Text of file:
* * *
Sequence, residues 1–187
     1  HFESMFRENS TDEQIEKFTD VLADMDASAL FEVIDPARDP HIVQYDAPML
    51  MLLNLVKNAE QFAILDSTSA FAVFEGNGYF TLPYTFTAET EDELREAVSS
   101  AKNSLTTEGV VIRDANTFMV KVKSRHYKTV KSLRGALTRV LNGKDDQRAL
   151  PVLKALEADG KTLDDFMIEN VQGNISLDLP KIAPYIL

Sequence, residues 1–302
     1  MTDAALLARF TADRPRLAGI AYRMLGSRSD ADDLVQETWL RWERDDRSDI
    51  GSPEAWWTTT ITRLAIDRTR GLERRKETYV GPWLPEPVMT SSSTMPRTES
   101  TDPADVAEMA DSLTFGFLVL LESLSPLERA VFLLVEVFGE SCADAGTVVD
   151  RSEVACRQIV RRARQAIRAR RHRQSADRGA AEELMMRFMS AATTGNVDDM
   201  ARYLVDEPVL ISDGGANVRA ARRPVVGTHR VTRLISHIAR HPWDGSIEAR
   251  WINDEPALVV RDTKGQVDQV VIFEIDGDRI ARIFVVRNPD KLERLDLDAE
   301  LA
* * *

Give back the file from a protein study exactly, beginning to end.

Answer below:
Sequence, residues 1–187
     1  HFESMFRENS TDEQIEKFTD VLADMDASAL FEVIDPARDP HIVQYDAPML
    51  MLLNLVKNAE QFAILDSTSA FAVFEGNGYF TLPYTFTAET EDELREAVSS
   101  AKNSLTTEGV VIRDANTFMV KVKSRHYKTV KSLRGALTRV LNGKDDQRAL
   151  PVLKALEADG KTLDDFMIEN VQGNISLDLP KIAPYIL

Sequence, residues 1–302
     1  MTDAALLARF TADRPRLAGI AYRMLGSRSD ADDLVQETWL RWERDDRSDI
    51  GSPEAWWTTT ITRLAIDRTR GLERRKETYV GPWLPEPVMT SSSTMPRTES
   101  TDPADVAEMA DSLTFGFLVL LESLSPLERA VFLLVEVFGE SCADAGTVVD
   151  RSEVACRQIV RRARQAIRAR RHRQSADRGA AEELMMRFMS AATTGNVDDM
   201  ARYLVDEPVL ISDGGANVRA ARRPVVGTHR VTRLISHIAR HPWDGSIEAR
   251  WINDEPALVV RDTKGQVDQV VIFEIDGDRI ARIFVVRNPD KLERLDLDAE
   301  LA